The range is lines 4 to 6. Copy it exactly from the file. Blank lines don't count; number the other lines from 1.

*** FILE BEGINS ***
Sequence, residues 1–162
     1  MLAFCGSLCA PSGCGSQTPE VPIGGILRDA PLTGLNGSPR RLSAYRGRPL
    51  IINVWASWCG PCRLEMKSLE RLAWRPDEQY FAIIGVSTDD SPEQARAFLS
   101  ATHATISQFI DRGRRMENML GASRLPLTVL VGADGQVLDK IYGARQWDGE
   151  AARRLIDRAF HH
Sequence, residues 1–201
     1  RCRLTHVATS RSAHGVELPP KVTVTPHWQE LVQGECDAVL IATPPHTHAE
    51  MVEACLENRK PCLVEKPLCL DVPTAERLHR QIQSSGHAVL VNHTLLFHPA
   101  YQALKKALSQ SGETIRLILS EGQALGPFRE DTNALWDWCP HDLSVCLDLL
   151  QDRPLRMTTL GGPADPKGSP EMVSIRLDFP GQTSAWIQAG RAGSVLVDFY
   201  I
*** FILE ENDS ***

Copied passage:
   101  ATHATISQFI DRGRRMENML GASRLPLTVL VGADGQVLDK IYGARQWDGE
   151  AARRLIDRAF HH
Sequence, residues 1–201